For Gilliam, one of cinemas biggest dreamers, the protagonist Sam Lowry (played by a never-better Jonathan Pryce) represents the best and worst of those qualities. In his dreams, Lowry soars through the sky and fights like a knight against the oppression lining the streets. In his day job, Lowry refuses promotions – despite being clearly quite bright – and day dreams through his life taking zero risks. He ignores the obviously damaged world he lives in and doesn't accept the consequences of mistakes until (in a move that's completely selfish in motivation) he spots the literal girl of his dreams – except in actuality she is a terrorist named Jill (played by Kim Greist, in a role that was largely excised from Gilliam's final cut). Lowry is forced for the first time to fight for something he believes in, though it's telling that Gilliam views Lowry as being complicit in the whole thing. He might frame him like the hero of his own noir but he doesn't view him that way. When Lowry eventually gets what he wants – and deserves – it's in a way that sees him lose everything.

The supporting cast add a lot of enjoyment to a viewing. Gilliam's fellow Python and regular collaborator Michael Palin gets perhaps the most interesting role as Jack Lint. Lint represents a clean, nice, charming and joyful persona on the outside but is perhaps the most vindictive character in the whole piece. One who might be smiling as he talks to his child – whose name he cannot remember, a man who has his priorities in a different place – whilst washing the blood off his hands from his latest torture victim. Gilliam cleverly plays on the audiences expectations of Palin playing a nice character of a similar nature to his own disposition, whilst slowly peeling back the layers to reveal the horrible underbelly. Tellingly, fellow supporting cast member Robert DeNiro wanted to play Lint. Gilliam had already promised the role to Palin, so he suggested the role of Harry Tuttle to him. Tuttle represents a hero-figure of sorts, the kind of mythical figure that Lowry embodies in his dreams and casting DeNiro against type and in a relatively small role at the time really worked, his energy a manic contrast to Pryce's more bumbling Lowry. Bob Hoskins and Jim Broadbent also appear in small roles.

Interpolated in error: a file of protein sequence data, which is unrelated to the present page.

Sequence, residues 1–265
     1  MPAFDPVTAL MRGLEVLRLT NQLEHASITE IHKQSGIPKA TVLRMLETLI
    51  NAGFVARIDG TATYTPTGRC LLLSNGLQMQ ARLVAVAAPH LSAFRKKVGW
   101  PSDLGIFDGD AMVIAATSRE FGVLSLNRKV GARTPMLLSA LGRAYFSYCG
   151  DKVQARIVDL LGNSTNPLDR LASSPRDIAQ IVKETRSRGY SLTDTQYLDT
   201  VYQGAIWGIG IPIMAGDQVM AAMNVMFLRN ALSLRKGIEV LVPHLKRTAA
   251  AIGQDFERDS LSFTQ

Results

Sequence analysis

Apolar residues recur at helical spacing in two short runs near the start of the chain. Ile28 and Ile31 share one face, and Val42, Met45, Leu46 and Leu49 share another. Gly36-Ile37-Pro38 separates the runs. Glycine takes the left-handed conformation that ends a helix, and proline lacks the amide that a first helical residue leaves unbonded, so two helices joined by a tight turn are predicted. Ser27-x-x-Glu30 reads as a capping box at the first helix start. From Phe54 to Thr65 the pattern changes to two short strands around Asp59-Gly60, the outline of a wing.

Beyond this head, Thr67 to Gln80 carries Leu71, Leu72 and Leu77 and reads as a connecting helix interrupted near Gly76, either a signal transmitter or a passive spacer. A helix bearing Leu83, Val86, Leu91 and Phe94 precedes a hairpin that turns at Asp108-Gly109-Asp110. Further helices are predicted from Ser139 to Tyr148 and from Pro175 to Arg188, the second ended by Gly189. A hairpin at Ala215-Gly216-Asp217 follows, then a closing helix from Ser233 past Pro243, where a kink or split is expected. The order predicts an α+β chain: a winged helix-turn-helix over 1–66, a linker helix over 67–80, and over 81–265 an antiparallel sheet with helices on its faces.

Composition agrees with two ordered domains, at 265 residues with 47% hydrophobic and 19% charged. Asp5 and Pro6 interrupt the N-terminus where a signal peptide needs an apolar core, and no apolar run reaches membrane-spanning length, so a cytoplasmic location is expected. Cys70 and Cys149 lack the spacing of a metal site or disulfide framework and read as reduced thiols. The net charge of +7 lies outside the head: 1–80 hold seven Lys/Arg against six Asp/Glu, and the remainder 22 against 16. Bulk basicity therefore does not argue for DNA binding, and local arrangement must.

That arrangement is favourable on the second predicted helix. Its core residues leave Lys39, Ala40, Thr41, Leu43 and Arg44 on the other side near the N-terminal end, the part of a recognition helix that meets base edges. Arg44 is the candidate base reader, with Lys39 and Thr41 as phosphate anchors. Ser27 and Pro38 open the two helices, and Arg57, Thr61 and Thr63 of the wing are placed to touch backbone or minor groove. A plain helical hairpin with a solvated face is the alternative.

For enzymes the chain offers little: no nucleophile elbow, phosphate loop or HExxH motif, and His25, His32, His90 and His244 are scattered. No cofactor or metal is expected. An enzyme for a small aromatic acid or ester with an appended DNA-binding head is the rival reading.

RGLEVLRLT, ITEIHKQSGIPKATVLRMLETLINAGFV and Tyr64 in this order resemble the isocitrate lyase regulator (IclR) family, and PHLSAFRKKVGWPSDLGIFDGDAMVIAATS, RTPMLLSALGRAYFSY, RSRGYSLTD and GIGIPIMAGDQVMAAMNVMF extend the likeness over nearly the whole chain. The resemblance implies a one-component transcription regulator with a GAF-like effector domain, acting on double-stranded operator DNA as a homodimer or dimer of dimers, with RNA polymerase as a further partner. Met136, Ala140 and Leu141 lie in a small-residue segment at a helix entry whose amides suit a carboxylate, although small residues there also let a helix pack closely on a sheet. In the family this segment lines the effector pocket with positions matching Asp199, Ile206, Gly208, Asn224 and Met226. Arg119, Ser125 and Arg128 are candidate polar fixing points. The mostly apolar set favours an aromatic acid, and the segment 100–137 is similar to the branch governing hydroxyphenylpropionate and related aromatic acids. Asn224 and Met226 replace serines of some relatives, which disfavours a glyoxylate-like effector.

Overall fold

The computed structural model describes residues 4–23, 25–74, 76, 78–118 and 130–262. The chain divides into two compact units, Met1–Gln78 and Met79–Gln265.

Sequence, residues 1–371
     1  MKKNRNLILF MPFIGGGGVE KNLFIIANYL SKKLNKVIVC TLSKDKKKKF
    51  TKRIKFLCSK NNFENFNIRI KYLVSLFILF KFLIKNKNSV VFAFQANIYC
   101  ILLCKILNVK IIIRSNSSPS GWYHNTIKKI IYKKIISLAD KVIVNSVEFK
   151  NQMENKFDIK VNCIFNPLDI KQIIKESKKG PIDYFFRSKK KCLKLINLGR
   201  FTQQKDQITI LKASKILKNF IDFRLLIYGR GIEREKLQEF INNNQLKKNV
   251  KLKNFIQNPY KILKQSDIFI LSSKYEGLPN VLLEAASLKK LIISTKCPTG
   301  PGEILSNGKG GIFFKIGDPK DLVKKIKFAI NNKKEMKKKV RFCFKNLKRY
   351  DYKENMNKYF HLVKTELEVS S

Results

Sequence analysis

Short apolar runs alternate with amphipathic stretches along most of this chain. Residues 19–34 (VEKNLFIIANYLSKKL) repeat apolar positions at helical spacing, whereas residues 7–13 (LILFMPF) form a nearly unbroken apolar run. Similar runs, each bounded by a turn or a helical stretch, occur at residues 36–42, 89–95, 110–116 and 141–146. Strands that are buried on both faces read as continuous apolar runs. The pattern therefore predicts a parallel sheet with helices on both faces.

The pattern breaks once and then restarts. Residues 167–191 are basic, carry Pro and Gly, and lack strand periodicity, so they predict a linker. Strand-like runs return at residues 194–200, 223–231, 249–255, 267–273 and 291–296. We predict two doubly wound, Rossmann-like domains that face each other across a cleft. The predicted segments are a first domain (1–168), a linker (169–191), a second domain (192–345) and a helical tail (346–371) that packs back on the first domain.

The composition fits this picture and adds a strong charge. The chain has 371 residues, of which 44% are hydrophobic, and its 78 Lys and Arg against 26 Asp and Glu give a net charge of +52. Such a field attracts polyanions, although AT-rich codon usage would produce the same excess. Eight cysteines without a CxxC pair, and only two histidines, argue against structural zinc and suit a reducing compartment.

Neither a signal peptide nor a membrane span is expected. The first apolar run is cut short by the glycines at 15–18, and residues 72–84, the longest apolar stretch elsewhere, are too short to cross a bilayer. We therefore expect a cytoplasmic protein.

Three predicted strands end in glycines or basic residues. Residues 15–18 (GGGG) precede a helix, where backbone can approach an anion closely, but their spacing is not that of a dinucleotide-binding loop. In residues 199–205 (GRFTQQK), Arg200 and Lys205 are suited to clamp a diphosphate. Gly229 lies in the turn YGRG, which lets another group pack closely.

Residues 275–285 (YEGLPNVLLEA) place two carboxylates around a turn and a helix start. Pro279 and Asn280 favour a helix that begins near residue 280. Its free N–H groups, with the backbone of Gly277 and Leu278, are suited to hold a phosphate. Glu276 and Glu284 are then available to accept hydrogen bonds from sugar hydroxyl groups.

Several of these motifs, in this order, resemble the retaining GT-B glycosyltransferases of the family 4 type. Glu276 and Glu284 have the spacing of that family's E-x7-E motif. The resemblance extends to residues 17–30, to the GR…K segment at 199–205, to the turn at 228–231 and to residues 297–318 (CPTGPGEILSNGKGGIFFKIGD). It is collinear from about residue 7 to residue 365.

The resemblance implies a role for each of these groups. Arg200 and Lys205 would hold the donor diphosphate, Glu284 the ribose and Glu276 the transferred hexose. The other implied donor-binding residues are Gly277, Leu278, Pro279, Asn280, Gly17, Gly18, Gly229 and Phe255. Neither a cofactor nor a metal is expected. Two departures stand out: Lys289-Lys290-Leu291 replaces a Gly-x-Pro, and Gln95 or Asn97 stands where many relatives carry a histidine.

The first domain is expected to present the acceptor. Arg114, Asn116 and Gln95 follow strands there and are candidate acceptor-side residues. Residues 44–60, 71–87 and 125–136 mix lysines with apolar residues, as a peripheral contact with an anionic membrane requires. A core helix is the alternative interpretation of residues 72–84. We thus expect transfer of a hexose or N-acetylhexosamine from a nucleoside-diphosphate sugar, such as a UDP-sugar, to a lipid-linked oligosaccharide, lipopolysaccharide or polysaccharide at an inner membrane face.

With the influence of Fritz Lang in its visuals and the spectre of Orwell in its tone, Brazil was a hard sell. Gilliam was without the head of Universal's support in getting it released in the form he was happy with. It should be noted though, that Gilliam could have avoided any studio resistance if he had edited Brazil down to 2 hours and 12 minutes, as he was contractually obliged to deliver.

As it was, he was forced into guerrilla screenings at college campuses – literally stealing the print and screening it against the wishes of the studio. It wasn't until the Los Angeles film critics managed to screen the film and voted it their film of the year – in a move that some believe was a statement against Universal and for the artistic expression of Gilliam – that the film was released by Universal in late December, 1985. Its box office impact was minor, though it did garner two Oscar nominations for its screenplay and for the art direction.

Brazil's legacy is assured. It remains a spectacular blend of science-fiction, cultural satire and horrific future-vision. Gilliam has gone on to have an idiosyncratic career, of spectacular films that could only have come from his imagination. Not all of them work, but the fact that he continues to get to make them is to the benefit of cinema. In some ways though, Gilliam may have won the battle but lost the war. The studios would be loath to release a movie like Brazil today – films like Darren Aronofsky's Mother! (2017) are the exception that proves the rule – and he struggles to attract major financing for his works. Then again, much like Sam Lowry, he's ended up exactly where he needs to be.